GP3 Series CEO Bruno Michel talks in-depth about the past twelve months in the life of the new category, and what we can expect for 2011.

Bruno, what will you remember of the first GP3 Series season?
I think the first season has exceeded all of our expectations. We had a full grid of thirty cars, with some of the best young talents currently working their way up the racing ladder. We knew before the season even begun that we had given the teams a reliable and powerful car that was a great teaching tool for the drivers. Combined to their skills and eagerness, this car has offered us some fine racing and real talents have emerged, starting with our first Champion, Esteban Gutierrez.

We are proud that he has already been signed up by a Formula One team showing the calibre and the visibility of what our grid is made of. Next season, Esteban and some other drivers will graduate from GP3 to move up to GP2. It is a known fact that the latter is the strongest feeder category to Formula One. GP3 is rapidly becoming the needed stepping stone to this now well-established path to the pinnacle of Motorsport.

In what sense do you think that you have achieved your objectives?
First of all, we have managed to put together a new Series that filled thirty seats. In challenging economical times, we had to offer teams and drivers a competitive and reliable car in a strong and exciting category. Not a lot of people thought at first that we could pull it off – in such a short amount of time no less – but from the first testing day until the last race, that’s what happened.

When GP3 drivers jump into the GP2 cars they will find that the aggressive driving style that they had to develop to get the best out of the GP3 cars will still be needed in order to get the best out of its elder sister. This was a clear objective for us: the two cars are from the same racing family, and you need to know the first car well in order to master the second.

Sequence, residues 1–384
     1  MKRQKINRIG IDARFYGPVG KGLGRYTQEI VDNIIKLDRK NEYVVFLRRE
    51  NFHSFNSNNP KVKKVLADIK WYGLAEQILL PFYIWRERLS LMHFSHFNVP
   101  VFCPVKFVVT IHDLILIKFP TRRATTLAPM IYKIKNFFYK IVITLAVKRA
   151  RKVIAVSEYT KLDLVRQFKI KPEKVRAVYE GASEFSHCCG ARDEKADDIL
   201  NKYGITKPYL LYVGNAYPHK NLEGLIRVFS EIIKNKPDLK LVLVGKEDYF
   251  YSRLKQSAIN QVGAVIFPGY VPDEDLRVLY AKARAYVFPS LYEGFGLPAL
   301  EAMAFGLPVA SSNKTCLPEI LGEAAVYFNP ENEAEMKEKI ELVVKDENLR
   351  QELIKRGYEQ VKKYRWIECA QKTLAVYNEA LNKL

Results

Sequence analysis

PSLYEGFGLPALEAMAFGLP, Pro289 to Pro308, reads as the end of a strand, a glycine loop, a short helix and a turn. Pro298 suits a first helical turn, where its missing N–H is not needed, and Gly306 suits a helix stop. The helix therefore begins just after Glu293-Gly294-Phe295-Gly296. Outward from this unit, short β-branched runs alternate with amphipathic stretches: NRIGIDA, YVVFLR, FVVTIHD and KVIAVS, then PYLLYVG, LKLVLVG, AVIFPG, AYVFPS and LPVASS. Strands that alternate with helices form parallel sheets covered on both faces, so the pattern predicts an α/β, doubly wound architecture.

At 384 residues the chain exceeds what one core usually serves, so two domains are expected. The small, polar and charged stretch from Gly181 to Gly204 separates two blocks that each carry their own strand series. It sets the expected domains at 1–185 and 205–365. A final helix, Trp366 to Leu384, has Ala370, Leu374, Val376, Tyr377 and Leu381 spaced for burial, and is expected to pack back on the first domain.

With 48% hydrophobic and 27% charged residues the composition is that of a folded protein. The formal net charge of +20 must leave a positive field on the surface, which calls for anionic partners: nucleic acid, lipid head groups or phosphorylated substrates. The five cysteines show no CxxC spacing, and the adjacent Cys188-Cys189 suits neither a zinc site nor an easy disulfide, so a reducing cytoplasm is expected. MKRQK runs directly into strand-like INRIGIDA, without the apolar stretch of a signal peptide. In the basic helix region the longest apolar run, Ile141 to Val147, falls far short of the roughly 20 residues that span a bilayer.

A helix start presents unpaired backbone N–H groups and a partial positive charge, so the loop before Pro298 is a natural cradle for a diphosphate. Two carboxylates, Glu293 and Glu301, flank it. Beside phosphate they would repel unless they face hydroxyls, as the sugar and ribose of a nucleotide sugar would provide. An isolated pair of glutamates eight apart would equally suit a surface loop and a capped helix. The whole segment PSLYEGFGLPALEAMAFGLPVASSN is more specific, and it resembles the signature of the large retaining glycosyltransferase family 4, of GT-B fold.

Our GP2 and GP3 paddocks work as one entity within the Formula One world. GP3 drivers can begin building relationships not only with GP2 teams, but also key people in the Formula One fraternity. Motorsport is an extremely competitive and complex industry so young drivers need to make the right people stand up and take notice – we offer an arena for them to do this. We give them the opportunity to start nurturing those all important relationships ready to take the next step.

What can we expect for next season?
In 2011 we are expecting an even stronger driver line-up. In post-season testing we filled 180 seats and covered 55,000 km of tarmac, this just goes to show that drivers already consider GP3 as the must-do category to reach GP2 and Formula One.

Next year, the aero downforce will be reduced while the tyres will give a higher peak of grip. The car will be even more selective and demanding. Drivers will have to learn how to deliver pure brutal performance in one lap while managing tyres in a middle of dog fights races. We also hope to increase the track time during a race weekend.

I believe the grid next season will be a testament to our successful first season, attracting the best young talents around the globe.  Drivers know that they are getting a good reliable car with a top team at a cost effective price. Some of racing last season was second to none and I believe it will just keep getting better. All eyes will be firmly focussed on GP3 this season, with everyone wondering who the next Gutiérrez is. I for one am looking forward to an exciting action packed year of racing.